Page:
Next I was going to install HassIO. I could have done this the «hard way» with manual install of Home Assistant and all the various addons instead of HassIO, but I’m lazy by default so I went for HassIO (just like with my RPi). Needless to say – I did a minor screwup when installing the first time regarding where to keep my containers, but it was easily corrected. To make sure you’re ending up with all files in the correct place (/srv/docker/hassio) make the necessary preps

# sudo mkdir /srv/docker/hassio
# sudo ln -s /usr/local/hassio /srv/docker/hassio
# sudo apt install jq avahi-daemon

If you installed the server without any options (as I did) you will probably miss a couple of repositories in order to install the jq and avahi-daemon. Edit /etc/apt/sources.list and make it look something like this (I live among polar bears, moose and other creatures, thus the Norwegian mirrors)

deb http://no.archive.ubuntu.com/ubuntu/ bionic main restricted
deb http://no.archive.ubuntu.com/ubuntu/ bionic-updates main restricted
deb http://no.archive.ubuntu.com/ubuntu/ bionic universe
deb http://no.archive.ubuntu.com/ubuntu/ bionic-updates universe
deb http://no.archive.ubuntu.com/ubuntu/ bionic multiverse
deb http://no.archive.ubuntu.com/ubuntu/ bionic-updates multiverse
deb http://no.archive.ubuntu.com/ubuntu/ bionic-backports main restricted universe multiverse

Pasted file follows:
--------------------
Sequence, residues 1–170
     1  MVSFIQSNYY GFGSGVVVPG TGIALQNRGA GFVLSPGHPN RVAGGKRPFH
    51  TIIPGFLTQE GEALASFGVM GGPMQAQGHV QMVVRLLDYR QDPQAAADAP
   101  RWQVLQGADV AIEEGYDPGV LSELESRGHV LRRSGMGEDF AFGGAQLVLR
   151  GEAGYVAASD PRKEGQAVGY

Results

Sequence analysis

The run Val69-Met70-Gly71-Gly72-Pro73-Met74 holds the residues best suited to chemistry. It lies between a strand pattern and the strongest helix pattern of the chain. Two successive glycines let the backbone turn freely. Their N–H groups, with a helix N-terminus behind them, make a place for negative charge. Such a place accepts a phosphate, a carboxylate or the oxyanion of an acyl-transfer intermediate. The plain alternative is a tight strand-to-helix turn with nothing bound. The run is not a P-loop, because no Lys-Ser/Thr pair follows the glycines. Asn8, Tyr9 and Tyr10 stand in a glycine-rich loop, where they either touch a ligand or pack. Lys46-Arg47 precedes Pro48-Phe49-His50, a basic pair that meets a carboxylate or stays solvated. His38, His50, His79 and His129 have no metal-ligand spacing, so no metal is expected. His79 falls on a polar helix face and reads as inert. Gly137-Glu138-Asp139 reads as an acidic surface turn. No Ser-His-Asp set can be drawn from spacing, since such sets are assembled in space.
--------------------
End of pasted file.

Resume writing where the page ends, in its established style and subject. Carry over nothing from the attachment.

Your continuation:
deb http://security.ubuntu.com/ubuntu bionic-security main restricted
deb http://security.ubuntu.com/ubuntu bionic-security universe
deb http://security.ubuntu.com/ubuntu bionic-security multiverse


This should get you started with Home Assistant – try http://your-server:8123 and you’re acomplished step #1 🙂

Next step is to configure Home Assistant and HassIO to make it useful. I will add stuff like Pi Hole, Caddy, Dropbox-backup, Philips Hue, Aeontec Z-wave USB-stick, AppDaemon as well as configure 2FA with Google Authentication.

Configure HassIO/Home Assistant

Aeontec Z-wave USB Gen 5 card

My first and primary goal was to include Z-Wave and Philips Hue for this setup. I’ll start with the Aeontec. The card is automatically detected on both my Intel NUC and Lenovo ThinkPad T430s. With the Thinkpad I had to tinker with the USB-settings in BIOS as it had some issues initializing the card when using USB 3.0 ports. A few clicks and it showed up as /dev/tty/ACM0. The NUC did not behave like this, so you may or may not see this problem. Others have experienced change of device address when rebooting, but that used to be a Raspbian issue for my part. No issues with Ubuntu and the two computers I’ve tried with.

When plugging in the card for the first time it will blink like a christmas tree. To disable this issue the following

Turn off “Disco lights”:

$ echo -e -n «\x01\x08\x00\xF2\x51\x01\x00\x05\x01\x51» > /dev/serial/by-id/usb-0658_0200-if00

Turn on “Disco lights”:

$ echo -e -n «\x01\x08\x00\xF2\x51\x01\x01\x05\x01\x50» > /dev/serial/by-id/usb-0658_0200-if00



If you’re like me you prefer to avoid all kind of commercials and other annoying stuff that pops up on various websites. PiHole works similar to AdBlocker, but acts as an ad-blocking forward-DNS for your network. It has a few options like the option of acting as a DHCP-server, but I prefer to let my Ubiquti EdgeRouter take care of that. Thus I just edited the DHCP-options and added my Ubuntu-server as primary DNS in my EdgeRouter.

If you use Ubuntu 18.04 there is an issue with the resolving-service from systemd (dnsmasq) and PiHole. To get around with that edit /etc/systemd/resolved.conf and edit the last line to disable the local dnsmasq


When editing is done, restart the service